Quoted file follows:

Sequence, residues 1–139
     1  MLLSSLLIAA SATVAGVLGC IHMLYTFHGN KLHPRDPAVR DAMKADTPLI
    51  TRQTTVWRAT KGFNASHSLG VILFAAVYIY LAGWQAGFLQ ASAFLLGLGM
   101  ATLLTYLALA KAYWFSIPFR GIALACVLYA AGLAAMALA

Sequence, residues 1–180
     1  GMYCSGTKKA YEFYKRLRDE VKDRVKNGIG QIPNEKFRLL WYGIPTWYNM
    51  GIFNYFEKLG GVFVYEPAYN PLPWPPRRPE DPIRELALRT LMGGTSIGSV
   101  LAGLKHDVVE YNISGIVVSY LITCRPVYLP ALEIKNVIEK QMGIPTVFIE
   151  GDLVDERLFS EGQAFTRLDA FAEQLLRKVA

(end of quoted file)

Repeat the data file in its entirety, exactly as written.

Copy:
Sequence, residues 1–139
     1  MLLSSLLIAA SATVAGVLGC IHMLYTFHGN KLHPRDPAVR DAMKADTPLI
    51  TRQTTVWRAT KGFNASHSLG VILFAAVYIY LAGWQAGFLQ ASAFLLGLGM
   101  ATLLTYLALA KAYWFSIPFR GIALACVLYA AGLAAMALA

Sequence, residues 1–180
     1  GMYCSGTKKA YEFYKRLRDE VKDRVKNGIG QIPNEKFRLL WYGIPTWYNM
    51  GIFNYFEKLG GVFVYEPAYN PLPWPPRRPE DPIRELALRT LMGGTSIGSV
   101  LAGLKHDVVE YNISGIVVSY LITCRPVYLP ALEIKNVIEK QMGIPTVFIE
   151  GDLVDERLFS EGQAFTRLDA FAEQLLRKVA